Prosecutors plan to announce Saturday whether they will charge two Sacramento police officers in the fatal shooting of an unarmed black man who was killed in the backyard of his grandmother’s house. The incident triggered local demonstrations and nationwide protests.
Stephon Clark, 22, was shot eight times by police searching for reports that vandals were breaking into cars in the California neighborhood.
Police said they thought Clark, who was spotted by a police helicopter jumping a fence into the yard moments before, was pointing a gun at them during the incident, but the object turned out to be a cell phone.
At least part of the confrontation was filmed by police video cameras, and the surveillance helicopter.
The officers were placed on administrative leave after the shooting but were back on the job within a few weeks.
Sacramento District Attorney Anne Marie Schubert scheduled a news conference to announce whether the officers broke any laws when they opened fire.
Although an independent autopsy ordered by Clark’s family determined that he was shot by police mostly from behind, a Sacramento County Coroner’s report conducted by a forensic pathologist found Clark had been shot once in the front of the left thigh, three times directly to the side, and three times in the right side of the back.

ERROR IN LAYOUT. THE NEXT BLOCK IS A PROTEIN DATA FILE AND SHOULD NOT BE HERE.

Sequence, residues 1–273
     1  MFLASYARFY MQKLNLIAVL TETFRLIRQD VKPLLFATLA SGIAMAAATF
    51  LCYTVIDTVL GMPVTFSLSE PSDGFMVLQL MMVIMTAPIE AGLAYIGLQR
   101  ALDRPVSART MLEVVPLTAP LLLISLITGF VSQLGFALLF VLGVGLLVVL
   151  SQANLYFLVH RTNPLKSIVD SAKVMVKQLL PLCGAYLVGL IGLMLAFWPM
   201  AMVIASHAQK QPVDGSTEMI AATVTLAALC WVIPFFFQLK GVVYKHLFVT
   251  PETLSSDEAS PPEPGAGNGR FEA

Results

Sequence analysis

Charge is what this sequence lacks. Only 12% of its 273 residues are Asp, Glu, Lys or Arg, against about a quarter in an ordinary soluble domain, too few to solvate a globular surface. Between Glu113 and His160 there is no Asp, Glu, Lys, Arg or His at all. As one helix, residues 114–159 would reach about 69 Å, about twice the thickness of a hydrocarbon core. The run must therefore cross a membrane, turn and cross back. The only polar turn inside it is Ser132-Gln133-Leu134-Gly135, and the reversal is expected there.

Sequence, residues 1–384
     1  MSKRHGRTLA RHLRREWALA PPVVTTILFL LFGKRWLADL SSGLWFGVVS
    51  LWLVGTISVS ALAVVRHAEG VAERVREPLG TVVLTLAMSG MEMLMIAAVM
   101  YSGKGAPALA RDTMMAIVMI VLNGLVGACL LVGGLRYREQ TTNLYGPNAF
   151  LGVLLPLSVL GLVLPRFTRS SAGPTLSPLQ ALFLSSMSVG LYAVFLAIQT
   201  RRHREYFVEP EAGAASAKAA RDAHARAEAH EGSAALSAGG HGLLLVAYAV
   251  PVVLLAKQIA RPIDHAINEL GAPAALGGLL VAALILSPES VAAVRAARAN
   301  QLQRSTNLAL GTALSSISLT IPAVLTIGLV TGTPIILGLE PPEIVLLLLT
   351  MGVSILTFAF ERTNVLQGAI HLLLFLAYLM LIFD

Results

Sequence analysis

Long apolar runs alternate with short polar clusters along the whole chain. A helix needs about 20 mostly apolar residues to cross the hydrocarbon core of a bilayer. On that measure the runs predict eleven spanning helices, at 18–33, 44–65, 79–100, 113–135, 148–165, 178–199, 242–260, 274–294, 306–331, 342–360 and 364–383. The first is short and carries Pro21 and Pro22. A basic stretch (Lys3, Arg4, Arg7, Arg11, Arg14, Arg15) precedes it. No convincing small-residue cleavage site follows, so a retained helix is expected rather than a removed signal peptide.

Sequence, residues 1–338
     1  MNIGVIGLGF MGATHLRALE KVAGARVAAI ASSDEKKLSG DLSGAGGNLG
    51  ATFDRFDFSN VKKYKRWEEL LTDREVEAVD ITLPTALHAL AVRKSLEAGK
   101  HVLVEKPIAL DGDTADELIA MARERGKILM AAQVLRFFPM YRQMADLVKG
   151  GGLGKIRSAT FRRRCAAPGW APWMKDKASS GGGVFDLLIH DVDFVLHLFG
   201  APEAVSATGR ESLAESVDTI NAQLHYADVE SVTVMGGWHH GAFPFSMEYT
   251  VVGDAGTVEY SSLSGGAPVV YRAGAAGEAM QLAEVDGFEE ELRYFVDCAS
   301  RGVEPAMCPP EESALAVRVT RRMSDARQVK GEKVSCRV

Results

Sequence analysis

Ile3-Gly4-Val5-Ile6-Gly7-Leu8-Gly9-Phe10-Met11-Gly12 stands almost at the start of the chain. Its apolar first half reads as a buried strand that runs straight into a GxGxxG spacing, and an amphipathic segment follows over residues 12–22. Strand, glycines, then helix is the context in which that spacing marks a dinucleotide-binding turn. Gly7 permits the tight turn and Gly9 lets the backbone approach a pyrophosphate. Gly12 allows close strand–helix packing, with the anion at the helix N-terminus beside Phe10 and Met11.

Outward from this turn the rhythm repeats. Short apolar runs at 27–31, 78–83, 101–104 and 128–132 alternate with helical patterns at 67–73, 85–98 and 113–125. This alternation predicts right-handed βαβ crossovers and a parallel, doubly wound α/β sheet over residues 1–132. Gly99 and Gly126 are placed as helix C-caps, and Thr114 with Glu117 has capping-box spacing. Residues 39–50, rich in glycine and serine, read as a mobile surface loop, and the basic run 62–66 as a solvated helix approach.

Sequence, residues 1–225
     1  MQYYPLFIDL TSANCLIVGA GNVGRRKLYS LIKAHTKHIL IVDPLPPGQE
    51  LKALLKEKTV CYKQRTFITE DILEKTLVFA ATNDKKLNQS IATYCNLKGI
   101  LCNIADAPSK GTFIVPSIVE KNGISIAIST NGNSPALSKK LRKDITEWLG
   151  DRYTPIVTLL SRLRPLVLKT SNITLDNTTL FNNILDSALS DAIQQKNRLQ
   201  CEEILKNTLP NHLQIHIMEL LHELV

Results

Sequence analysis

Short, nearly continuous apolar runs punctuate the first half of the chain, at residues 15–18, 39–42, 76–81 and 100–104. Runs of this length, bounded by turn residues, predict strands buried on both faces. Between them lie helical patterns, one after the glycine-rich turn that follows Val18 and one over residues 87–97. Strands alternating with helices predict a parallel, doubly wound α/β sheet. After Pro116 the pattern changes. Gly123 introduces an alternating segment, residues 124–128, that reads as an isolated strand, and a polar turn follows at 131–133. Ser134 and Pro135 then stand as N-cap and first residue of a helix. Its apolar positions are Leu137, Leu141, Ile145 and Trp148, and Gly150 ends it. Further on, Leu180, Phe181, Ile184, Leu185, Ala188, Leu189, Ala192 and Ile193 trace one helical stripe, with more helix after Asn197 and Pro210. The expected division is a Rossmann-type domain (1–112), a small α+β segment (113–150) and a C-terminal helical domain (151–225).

Clark didn’t immediately die from his wounds even though just one of the wounds could have been fatal on its own, said Dr. Bennet Omalu, who conducted the autopsy for the family.
Authorities have said several minutes passed before Clark was treated because of fears he was armed.
The city braced for protests ahead of Saturday’s decision. After the shooting last March, emotions ran high when protests and rallies disrupted traffic and blocked access to NBA basketball games. At least one city council meeting was interrupted by protesters.
Business owners and political leaders have received warnings in recent days to stay away from downtown at least through the weekend.
Activist Al Sharpton gave the eulogy for Clark and derided the White House for dismissing the killing as a “local matter.”
“This is not a local matter,” Sharpton shouted during his remarks. “They have been killing young black men all over the country, and we are here to say that we are going to stand with Stephon Clark and his family.”
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